Drought is a temporary and natural climate feature caused by a significant decrease in precipitation over a prolonged period. Human activities, such as ground clearance and changes in land use, can exacerbate drought situations. Farmers are usually the first to be affected by drought because of their dependence on stored soil water, which rapidly becomes depleted during extended dry spells.
Effects of Drought on Crops
Prolonged reduction of ground-water supplies can have a devastating effect on a farmer’s crop yields. If a drought occurs soon after seeding, plants may fail to germinate; and during the later stages of development, a drought can cause entire crops to wither. However, as long as there is sufficient moisture in the topsoil to see the seedlings through the early growing stages, yields may not be affected if there is enough water stored in the sub-soil to sustain the plants through the remainder of their growth cycle.
Effects of Drought on Livestock
Drought conditions can make grazing lands and hay fields hazardous for livestock, since lack of water causes increased concentrations of nitrates and prussic acid. Even if the animals are not directly affected, these chemicals contaminate their meat and milk. If livestock cannot graze, they eventually become infertile, and their milk will dry up. Their physical condition will deteriorate, until finally they become so weak that they may die. The farmer's only options are to sell the stock at a low price or to buy feed, which is expensive.
Fire and Other Hazards
Drought greatly increases the risk of fire on a farm because the fields become so dry that they easily ignite, and fire can spread quickly. The dryness of the land also leads to soil erosion. Another problem for farmers is that drought conditions encourage the influx of invasive species, such as weeds and insects, which cause damage to crops and can be difficult to get rid of.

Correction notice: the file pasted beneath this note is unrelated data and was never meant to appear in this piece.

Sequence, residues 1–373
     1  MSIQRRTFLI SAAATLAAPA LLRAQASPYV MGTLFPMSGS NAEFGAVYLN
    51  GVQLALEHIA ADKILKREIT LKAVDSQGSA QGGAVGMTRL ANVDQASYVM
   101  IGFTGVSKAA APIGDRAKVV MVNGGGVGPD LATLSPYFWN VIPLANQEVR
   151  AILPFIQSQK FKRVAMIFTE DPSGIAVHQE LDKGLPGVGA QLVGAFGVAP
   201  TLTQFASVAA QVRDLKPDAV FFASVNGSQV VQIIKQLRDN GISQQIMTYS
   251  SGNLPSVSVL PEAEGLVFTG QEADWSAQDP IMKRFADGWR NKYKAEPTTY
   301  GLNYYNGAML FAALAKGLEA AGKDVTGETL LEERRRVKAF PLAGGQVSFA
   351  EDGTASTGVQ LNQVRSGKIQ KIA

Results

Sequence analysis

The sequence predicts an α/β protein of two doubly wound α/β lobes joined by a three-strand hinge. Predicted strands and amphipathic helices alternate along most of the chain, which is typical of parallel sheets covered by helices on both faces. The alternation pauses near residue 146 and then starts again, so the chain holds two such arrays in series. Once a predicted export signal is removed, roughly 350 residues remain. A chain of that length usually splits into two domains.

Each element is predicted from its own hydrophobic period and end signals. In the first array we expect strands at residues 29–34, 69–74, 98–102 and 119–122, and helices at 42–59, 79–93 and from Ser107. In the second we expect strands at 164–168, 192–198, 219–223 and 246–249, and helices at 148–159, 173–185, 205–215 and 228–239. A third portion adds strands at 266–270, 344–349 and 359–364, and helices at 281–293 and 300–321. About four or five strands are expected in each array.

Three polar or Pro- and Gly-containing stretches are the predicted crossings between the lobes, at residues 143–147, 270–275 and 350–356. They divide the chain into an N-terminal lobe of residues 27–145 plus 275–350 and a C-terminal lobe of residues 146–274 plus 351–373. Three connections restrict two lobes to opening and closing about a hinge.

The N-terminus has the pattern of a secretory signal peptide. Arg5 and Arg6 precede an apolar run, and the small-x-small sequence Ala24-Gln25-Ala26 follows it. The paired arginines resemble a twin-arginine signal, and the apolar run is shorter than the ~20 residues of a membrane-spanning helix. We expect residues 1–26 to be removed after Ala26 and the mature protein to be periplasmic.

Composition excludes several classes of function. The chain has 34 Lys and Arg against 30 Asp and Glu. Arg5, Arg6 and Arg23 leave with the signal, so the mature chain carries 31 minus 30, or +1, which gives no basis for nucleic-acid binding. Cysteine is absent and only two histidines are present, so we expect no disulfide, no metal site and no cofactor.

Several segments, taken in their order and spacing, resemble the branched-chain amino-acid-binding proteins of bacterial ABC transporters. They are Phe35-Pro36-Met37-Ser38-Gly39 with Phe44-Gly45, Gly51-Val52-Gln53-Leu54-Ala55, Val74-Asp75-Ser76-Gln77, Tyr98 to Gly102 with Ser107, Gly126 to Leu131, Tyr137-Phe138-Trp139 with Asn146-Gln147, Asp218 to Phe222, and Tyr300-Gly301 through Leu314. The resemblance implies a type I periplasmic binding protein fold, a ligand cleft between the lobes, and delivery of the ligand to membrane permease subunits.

Effect on Farming Strategies
In time of drought, water shortages and economic restraints often drive farmers to improve their stewardship of water resources. For example, they use more efficient watering methods, such as drip irrigation. They schedule their watering based on actual crop needs by monitoring the soil and weather forecasts carefully. They use recycled water -- for example, treated city waste water. Other possible changes that conserve soil moisture include the use of mulches and amendments and planting cover crops in the winter. As drought continues, farmers are also motivated to switch to drought-resistant crops such as sorghum.
Based in Scarborough, U.K., Carole Simm started writing in 1998. She has authored training programs, marketing materials and website content. Simm also blogs for SuperGreenMe and Eventim. She studied publishing at Napier College, Edinburgh, and has a first-class Bachelor of Arts in tourism management from the University of Hull.